Vote for CodeStock 2012 Content

§ February 29, 2012 16:28 by beefarino |

imageIt’s that time of year again.  The voting for CodeStock sessions has been opened!  Looking over the list of possible talks, I’m really excited and highly encourage you to go if you can.  CodeStock was my first conference and speaking experience, and I can’t help but think it is a huge part of why I enjoy speaking so much.

And while we’re on the topic, I’d really appreciate you voting for my sessions this year.  I’m changing things up a bit, a reflection of my changing priorities and attention.  Oh, I have PowerShell sessions, don’t worry.  Two in fact:

However I’ve also submitted two sessions of a different ilk.  The first is part of my 2012 resolution to learn various maker-craft, such as crochet, robotics, electronics, etc.  Fun with Lilypad! promises to be a unique and engaging session.  I mean seriously, how often can you say you saw someone program their hat?

The other session is a group panel on Raising the Next Generation of Geeks.  I want parents to share their experiences of fostering the geek in their children – what works, what doesn’t, what the major obstacles are.  I want to hear about projects you do with your kids that sparked the fuse on their nerd-bomb…

If you plan to attend and think you’d like to experience one or more of these sessions, then I humbly ask for your vote.

Upcoming Speaking Engagements

§ February 24, 2012 13:00 by beefarino |

Just a quick note about two upcoming speaking engagements where you’ll have the chance to soak up some PowerShell love.

In mid-March I’ll be presenting Stupid PowerShell Tricks for the .NET Developer at CodePaLOUsa.  If you write .NET code – be it for the web, the enterprise, or a device – I’ll show you how PowerShell can make mincemeat out of large, boring, and repetitive tasks.  In addition I’ll be showing off how I’ve personally integrated Mercurial and Git into PowerShell, how I use PowerShell to drive my software build process (including running remote tests), and how I automate massive changes to my source code.

Then on April 14 I’ll be in Atlanta for SQL Saturday #111, where I’ll discuss PowerShell Modules you Should Know About.  If you’re new to PowerShell, this will be a great session to attend as it will show off a wide diversity of the things that PowerShell can do – from database management to simple UI to spooling Hyper-V virtual machines.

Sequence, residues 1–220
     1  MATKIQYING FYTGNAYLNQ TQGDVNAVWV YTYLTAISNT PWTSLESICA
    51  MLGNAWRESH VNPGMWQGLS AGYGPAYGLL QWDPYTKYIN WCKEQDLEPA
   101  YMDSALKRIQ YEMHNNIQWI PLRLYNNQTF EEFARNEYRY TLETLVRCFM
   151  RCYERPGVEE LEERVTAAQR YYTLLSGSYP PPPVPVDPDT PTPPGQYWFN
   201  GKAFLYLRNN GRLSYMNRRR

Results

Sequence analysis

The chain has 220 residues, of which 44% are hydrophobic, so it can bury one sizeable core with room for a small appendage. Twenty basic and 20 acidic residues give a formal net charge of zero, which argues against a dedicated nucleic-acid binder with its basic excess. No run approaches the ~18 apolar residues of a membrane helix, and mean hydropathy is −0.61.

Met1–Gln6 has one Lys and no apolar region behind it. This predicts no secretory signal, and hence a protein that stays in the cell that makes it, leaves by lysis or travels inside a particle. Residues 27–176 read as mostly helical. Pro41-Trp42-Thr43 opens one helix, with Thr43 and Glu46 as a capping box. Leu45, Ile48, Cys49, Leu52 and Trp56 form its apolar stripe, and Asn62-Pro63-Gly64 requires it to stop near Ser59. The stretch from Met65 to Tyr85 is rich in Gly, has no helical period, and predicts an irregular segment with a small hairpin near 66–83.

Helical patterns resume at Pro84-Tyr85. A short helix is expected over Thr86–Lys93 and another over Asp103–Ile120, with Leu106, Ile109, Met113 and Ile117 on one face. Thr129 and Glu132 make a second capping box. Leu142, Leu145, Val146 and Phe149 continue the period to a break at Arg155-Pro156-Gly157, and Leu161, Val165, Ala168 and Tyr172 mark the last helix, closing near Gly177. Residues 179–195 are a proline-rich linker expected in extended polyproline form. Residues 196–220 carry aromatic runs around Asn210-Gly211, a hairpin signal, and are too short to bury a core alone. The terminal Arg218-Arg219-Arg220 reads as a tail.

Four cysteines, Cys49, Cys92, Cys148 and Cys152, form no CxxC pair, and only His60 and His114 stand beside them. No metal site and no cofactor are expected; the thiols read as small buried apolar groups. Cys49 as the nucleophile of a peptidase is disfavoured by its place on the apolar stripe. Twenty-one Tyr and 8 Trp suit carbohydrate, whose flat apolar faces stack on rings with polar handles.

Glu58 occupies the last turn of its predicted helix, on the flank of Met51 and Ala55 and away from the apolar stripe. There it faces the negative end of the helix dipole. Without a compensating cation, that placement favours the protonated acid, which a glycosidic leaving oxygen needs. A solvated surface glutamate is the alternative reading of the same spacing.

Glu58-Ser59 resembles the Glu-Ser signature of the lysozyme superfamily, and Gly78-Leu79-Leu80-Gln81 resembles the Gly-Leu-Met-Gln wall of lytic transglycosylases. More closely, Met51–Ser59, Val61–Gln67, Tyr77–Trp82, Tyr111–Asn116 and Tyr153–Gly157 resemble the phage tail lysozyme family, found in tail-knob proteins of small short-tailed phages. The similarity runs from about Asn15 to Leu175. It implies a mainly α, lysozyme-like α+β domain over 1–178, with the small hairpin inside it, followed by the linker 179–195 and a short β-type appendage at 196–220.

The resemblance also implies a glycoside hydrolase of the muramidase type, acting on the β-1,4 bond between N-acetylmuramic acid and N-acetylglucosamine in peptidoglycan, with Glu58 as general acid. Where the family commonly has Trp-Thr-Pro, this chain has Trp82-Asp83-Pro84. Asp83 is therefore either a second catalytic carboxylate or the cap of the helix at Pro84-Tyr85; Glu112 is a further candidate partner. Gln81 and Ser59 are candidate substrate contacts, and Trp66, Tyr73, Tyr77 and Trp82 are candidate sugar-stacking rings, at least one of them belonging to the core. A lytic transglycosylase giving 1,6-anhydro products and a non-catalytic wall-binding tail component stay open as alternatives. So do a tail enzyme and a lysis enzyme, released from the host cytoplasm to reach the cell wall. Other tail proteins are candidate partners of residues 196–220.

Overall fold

I’m looking forward to both of them, and I hope to see you there!

All About the Recent Downtime

§ February 24, 2012 10:34 by beefarino |

downtimeSo the last few weeks have been a rollercoaster for  I apologize if the downtime has affected your powershelling or log4netting or whatever.  I’m hoping the troubles are behind me…

So here’s what happened.  Late last year I updated the backend of beefycode to the most recent version of which required me to update my hosting situation to a server that supports ASP.NET 4.  Apparently I was the last person on earth to do this and received a rude awakening as my new shared server seemed to be VERY shared.  Accessibility of this blog became and issue so I wanted to move it to another shared host I was using that seemed much more reliable.  So I did that.

Things were fine for a few weeks, and then my host suspended my account for “CPU abuse”.  Apparently was spiking the CPU usage to as high as 99%, so they had no choice.  The logs showed nothing unusual, and I was unable to replicate the scenario locally so was a bit blind as to what tactic to take, but I tried a few things.  It didn’t help as the host suspended my account again and refused to reactivate it unless I upgraded to a VPS.  I was miffed – I couldn’t event access FTP with my account suspended and had no choice but to move the blog to another host so I could get my other sites back online.  But I understand their stance – they gave me several chances to address the issue and I failed to do so, so they did what they did to protect their other customers.

Thankfully OrcsWeb provides complimentary hosting accounts for MVPs, so now is hosted there.  I poured a few days into porting the blog to Orchard; unfortunately this time was wasted.  The hosting account limits the virtual memory for the application pool to 600MB, recycling the application pool when it exceeds this value.  I personally thing 600MB is plenty; however, I can’t host the default Orchard site without it spiking this on each and every page view.  That’s right – one application pool recycle per page view.  It was completely unusable - sluggish and nonresponsive.  So I’m back to  Hopefully updating to a more recent (and less customized) theme will tamper the CPU use, otherwise I may be looking into a VPS after all…

StudioShell 1.2 Release

§ February 23, 2012 10:24 by beefarino |

image_thumb1_thumbA bit late to the blog, but I’m happy to say that StudioShell 1.2 has been released! This release has been a long time coming, due largely to my lack of focus and a rather ambitious feature set.

This post is a breakdown of the key elements in the 1.2 release. I’ll elaborate more on some of these items in future posts.

NuGet Support